2003 Seattle Annual Meeting (November 25, 2003)
Paper No. 19-3
Presentation Time: 8:35 AM-8:50 AM

MOLYBDENUM ACCUMULATION IN ORGANIC-RICH SEDIMENTS AND SEDIMENTARY ROCKS

LYONS, Timothy W.1, ANBAR, Ariel D.2, GILL, Benjamin C.1, MEYERS, Stephen R.3, SAGEMAN, Bradley B.3, CRUSE, Anna M.4, WILDE, Pat5, and SCOTT, Clinton T.1, (1) Dept. of Geological Sciences, Univ. of Missouri, Columbia, MO 65211, lyonst@missouri.edu, (2) Dept. of Earth and Environmental Sciences, Univ. of Rochester, Rochester, NY 14627, (3) Dept. of Geological Sciences, Northwestern Univ, Evanston, IL 60208, (4) U.S. Geological Survey, PO Box 25046, MS977, DFC, Denver, CO 80225, (5) Pangloss Foundation, 1735 Highland Place, Berkeley, CA 94709

The co-accumulation of Mo and organic carbon (OC) is well documented in the sediments of many oxygen-deficient settings. Significant covariation, however, is not universally observed in these settings, and the slope of the line and the strength of the correlation can vary temporally within and among anoxic basins. Primary and secondary causes for these differences will be discussed in the context of water-column, diagenetic and deeper burial processes.

Mechanisms of Mo enrichment have been linked to, among other things, high concentrations of dissolved sulfide; reactions at mineral surfaces, including pyrite; and the amount and type of organic matter present. Ultimately, these relationships can yield a strong positive correlation between Mo enrichment (as expressed in Mo/Al ratios) and OC concentration. However, our mechanistic understanding of this relationship has lagged behind the growing empirical evidence for coupled OC-Mo accumulation. The principal role of OC in Mo sequestration may be in the generation of hydrogen sulfide through bacterial sulfate reduction. This relationship is much like the C-S covariation observed in oxic marine sediments, where greater local OC burial yields higher production of pore-water sulfide and therefore diagenetic pyrite. In euxinic settings, however, local OC accumulation is typically decoupled from sulfide availability and pyrite formation in the overlying water. Thus, the relative amounts of water-column versus diagenetic Mo sequestration should influence the strength of the correlation between Mo enrichment and local OC burial.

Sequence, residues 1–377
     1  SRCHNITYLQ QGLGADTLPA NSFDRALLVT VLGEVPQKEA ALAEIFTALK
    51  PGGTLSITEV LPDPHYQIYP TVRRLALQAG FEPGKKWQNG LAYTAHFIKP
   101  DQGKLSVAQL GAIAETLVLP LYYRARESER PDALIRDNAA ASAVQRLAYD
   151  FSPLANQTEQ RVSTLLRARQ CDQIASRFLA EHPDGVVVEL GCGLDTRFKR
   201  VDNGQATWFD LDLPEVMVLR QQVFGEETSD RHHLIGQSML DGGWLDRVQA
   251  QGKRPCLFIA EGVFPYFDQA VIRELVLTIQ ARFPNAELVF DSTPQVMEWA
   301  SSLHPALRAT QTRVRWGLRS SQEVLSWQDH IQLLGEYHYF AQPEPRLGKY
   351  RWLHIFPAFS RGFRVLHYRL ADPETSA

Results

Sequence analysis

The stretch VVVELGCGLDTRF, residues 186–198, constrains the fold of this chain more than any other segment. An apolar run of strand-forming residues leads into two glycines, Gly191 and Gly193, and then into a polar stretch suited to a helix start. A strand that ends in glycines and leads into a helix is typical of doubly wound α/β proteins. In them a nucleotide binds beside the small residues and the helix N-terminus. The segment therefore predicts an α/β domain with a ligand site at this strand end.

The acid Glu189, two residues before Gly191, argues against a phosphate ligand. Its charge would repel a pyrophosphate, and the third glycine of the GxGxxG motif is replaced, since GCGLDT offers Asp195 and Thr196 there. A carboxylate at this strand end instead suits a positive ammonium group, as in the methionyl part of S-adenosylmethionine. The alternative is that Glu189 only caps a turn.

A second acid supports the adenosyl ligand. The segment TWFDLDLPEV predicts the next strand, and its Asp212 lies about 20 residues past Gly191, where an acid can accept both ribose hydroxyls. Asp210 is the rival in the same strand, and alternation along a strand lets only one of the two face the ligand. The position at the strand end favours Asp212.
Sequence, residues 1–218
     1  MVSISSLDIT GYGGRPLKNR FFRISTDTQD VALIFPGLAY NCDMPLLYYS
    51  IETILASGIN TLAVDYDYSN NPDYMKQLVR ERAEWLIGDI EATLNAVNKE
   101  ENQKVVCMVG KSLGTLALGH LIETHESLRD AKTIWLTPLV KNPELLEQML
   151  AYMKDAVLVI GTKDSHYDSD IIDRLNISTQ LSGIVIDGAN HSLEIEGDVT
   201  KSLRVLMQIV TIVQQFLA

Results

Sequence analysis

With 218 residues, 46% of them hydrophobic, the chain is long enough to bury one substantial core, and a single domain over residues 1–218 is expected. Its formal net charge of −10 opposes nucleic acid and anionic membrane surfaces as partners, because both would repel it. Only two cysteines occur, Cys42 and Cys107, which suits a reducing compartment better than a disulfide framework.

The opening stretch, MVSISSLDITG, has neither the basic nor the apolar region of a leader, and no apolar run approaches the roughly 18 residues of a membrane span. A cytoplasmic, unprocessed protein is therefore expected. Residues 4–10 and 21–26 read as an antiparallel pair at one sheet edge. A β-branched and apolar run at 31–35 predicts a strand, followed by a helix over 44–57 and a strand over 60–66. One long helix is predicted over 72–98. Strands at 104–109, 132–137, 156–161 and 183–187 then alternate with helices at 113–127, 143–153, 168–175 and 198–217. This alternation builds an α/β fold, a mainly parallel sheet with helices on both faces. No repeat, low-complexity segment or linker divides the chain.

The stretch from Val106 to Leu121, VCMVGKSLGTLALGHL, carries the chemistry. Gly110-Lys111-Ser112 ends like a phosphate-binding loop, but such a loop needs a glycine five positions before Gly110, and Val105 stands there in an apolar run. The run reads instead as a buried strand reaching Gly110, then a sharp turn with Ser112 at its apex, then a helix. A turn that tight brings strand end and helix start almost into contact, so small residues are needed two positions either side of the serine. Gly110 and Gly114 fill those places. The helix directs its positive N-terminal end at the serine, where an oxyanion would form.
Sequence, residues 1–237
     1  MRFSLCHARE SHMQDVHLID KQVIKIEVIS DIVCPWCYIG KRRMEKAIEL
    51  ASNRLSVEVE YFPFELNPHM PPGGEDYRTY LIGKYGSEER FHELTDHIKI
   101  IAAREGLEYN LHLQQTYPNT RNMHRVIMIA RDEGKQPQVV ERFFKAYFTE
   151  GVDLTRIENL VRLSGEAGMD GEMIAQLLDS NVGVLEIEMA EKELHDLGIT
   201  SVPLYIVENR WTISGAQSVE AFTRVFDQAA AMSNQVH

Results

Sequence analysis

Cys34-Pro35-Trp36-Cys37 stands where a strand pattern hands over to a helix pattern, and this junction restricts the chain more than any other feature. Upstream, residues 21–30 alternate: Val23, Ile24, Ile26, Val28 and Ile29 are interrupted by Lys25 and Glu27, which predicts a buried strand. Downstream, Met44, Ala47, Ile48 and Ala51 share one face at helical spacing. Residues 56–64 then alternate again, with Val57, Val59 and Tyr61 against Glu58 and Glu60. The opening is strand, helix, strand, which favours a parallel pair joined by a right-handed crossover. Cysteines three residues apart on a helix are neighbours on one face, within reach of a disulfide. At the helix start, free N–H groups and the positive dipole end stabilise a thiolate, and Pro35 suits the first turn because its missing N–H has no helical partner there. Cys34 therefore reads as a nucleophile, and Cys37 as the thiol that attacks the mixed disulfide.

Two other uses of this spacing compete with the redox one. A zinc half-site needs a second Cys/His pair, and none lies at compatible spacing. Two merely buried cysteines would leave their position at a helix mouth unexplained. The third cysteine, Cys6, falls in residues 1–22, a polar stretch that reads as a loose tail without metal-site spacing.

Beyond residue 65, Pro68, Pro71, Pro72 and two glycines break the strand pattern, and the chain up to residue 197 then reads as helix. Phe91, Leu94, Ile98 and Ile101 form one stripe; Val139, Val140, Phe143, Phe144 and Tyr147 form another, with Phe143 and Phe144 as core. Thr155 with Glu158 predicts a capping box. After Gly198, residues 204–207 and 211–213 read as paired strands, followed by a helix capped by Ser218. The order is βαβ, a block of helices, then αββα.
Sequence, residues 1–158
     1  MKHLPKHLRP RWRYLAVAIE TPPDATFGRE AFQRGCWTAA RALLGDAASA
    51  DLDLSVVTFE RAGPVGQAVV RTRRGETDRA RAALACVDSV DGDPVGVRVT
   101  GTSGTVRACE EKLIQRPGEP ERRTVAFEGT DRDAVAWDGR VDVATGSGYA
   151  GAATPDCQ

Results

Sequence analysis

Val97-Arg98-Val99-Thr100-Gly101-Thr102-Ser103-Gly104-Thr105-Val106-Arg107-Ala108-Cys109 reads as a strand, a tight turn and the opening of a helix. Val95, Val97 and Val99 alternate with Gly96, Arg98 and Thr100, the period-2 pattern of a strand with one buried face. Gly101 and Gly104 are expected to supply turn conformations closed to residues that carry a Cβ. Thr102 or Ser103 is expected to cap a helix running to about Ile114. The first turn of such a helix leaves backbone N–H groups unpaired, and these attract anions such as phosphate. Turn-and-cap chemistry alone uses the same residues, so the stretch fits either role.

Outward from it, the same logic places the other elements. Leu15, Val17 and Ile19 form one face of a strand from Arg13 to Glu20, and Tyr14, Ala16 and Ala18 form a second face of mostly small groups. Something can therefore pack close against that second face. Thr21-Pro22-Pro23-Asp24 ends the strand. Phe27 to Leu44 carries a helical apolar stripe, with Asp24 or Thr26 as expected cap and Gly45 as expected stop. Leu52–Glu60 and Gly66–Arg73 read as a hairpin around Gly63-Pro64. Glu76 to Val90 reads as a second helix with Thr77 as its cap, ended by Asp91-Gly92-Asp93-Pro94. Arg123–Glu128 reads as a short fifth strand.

Alternatively, the organic matter may play a more direct role in sequestering Mo, in which case the type of organic matter and the extent to which it is sulfurized appear to be critical. Mo accumulation is also ascribed to co-mineralization with pyrite, and Fe would play competing roles by providing pyrite substrates while reducing dissolved sulfide concentrations. In the Cariaco Basin, OC and Mo/Al covary within the sediments but appear decoupled from pyrite S. We will further explore mechanistic models through use of published sediment trap results from anoxic sites, as well as through analysis of OC-rich carbonate muds, where sulfide concentrations are in excess of several mM but pyrite formation is precluded by the lack of Fe.

2003 Seattle Annual Meeting (November 25, 2003)
Session No. 19
Revisiting the Biogeochemistry of Black Shales and Oxygen-Deficient Marine Environments
Washington State Convention and Trade Center: 3A
8:00 AM-12:00 PM, Sunday, November 2, 2003

Geological Society of America Abstracts with Programs, Vol. 35, No. 6, September 2003, p. 81

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